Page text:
Protesters march on London

TAX protesters embarked on another stage of their long journey for fairness today joining thousands from across the country – and The Evening Star was with them every step of the way.

TAX protesters embarked on another stage of their long journey for fairness today joining thousands from across the country – and The Evening Star was with them every step of the way.

The Protest Against Council Tax in Suffolk (PACTS) has mounted a sustained campaign on its own doorstep.

But today it took the protest to London and the corridors of power.

Police said about 3,000 people were expected to attend the march, which was

culminating in a petition being delivered to 10 Downing Street.

The rally, organised by the 'Is it Fair' campaign, was beginning in

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Trafalgar Square at noon, before moving along Whitehall to Downing Street.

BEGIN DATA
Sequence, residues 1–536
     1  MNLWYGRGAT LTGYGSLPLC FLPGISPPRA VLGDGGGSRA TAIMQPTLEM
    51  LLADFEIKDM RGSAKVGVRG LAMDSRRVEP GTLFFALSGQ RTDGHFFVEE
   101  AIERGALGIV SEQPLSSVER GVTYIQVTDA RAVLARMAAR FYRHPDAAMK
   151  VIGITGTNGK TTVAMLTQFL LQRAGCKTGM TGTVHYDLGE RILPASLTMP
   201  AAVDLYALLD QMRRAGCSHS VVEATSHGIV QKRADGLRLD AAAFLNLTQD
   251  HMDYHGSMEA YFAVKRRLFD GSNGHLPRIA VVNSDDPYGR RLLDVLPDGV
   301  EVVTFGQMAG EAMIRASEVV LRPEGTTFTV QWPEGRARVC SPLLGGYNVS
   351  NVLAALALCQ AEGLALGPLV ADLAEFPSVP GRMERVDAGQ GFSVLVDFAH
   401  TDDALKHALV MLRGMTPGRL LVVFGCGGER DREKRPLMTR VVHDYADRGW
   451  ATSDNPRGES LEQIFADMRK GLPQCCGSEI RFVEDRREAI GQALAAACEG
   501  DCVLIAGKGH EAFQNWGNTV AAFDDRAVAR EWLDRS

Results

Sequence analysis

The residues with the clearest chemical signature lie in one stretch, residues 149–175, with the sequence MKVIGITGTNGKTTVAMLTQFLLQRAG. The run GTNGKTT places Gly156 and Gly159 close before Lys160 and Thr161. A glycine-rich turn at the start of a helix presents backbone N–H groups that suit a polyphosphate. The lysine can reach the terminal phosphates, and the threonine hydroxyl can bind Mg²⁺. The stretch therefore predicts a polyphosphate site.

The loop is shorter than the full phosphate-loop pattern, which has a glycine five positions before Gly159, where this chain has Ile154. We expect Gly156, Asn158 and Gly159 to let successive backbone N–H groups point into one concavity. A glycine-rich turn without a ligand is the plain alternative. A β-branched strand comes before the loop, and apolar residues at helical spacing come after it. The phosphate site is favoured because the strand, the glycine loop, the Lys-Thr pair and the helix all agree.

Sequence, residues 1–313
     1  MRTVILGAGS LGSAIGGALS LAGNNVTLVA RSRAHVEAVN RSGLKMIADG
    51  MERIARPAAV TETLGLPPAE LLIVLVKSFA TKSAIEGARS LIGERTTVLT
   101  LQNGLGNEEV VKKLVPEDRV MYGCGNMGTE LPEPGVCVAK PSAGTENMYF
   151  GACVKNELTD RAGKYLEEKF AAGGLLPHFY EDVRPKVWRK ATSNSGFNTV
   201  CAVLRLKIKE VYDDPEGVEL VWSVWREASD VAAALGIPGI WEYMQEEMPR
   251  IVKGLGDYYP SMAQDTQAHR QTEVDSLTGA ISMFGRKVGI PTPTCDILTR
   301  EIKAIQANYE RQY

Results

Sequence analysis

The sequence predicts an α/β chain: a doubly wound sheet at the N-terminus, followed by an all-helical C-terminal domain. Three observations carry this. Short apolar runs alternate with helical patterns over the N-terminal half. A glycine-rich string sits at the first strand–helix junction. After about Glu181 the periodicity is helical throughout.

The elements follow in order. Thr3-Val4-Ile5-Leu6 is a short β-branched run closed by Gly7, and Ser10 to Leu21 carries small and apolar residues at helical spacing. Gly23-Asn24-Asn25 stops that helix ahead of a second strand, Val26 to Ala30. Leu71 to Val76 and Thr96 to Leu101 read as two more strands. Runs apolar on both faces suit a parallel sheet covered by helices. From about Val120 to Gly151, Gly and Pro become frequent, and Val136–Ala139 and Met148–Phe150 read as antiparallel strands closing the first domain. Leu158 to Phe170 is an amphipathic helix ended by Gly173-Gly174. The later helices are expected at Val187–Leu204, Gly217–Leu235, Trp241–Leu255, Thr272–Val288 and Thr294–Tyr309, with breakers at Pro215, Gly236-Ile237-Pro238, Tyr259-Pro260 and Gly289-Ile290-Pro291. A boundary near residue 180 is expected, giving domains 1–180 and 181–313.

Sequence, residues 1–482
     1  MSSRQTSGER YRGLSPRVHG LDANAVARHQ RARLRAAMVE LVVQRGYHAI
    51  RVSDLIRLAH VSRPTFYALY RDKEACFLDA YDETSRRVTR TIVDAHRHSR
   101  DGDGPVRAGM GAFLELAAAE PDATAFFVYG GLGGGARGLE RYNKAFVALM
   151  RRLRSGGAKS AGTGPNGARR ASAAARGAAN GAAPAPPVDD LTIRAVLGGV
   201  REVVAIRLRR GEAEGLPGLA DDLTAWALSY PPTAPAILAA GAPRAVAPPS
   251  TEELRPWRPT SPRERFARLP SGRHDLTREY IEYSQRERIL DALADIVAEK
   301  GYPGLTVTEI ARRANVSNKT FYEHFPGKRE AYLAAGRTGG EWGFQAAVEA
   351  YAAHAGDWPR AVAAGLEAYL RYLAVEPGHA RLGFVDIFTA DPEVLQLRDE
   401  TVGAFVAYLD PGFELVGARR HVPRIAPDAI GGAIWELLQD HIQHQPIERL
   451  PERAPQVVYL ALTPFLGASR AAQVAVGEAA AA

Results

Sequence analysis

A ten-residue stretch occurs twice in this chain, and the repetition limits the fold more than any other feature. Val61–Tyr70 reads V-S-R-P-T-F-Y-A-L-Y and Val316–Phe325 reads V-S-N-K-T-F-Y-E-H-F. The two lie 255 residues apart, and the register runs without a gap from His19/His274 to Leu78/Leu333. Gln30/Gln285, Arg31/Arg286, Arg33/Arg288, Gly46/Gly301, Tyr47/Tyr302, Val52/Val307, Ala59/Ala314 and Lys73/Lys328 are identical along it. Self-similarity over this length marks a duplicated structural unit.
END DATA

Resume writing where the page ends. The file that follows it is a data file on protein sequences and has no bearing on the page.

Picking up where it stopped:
On Wednesday The Evening Star exclusively revealed the rise in council tax is set to duck under five per cent this year.

That rate is still well above the rate of inflation and comes on top of the whopping 18.5pc rise last year.

And the PACTS protestors wanted to voice their anger over the huge cost of the council tax to householders across the county – many of them on a fixed income.

It was a pre-dawn start for the group on their journey up to London to meet up with thousands of other protestors in Trafalgar Square.

From there it was a march through the streets of the capital to present their demands at Whitehall.

Spirits were high despite the early start, the prospect of a late finish and the forecast for some windy, wintry weather for the day.

One of the march's organisers Tom Sully said protesters were determined to keep the pressure on the Government despite lower than anticipated rate rise in Suffolk.

He said: "Our main aim is to keep the problems of excessive council tax rises well up to the forefront of the Government's agenda.

"We want to try and demonstrate just how angry a very large number of people in the country are about these rises.

"We are willing to give up our Saturday and spend our own money to get up to London to show our feelings.

"We are hoping for a good turnout and a good day."

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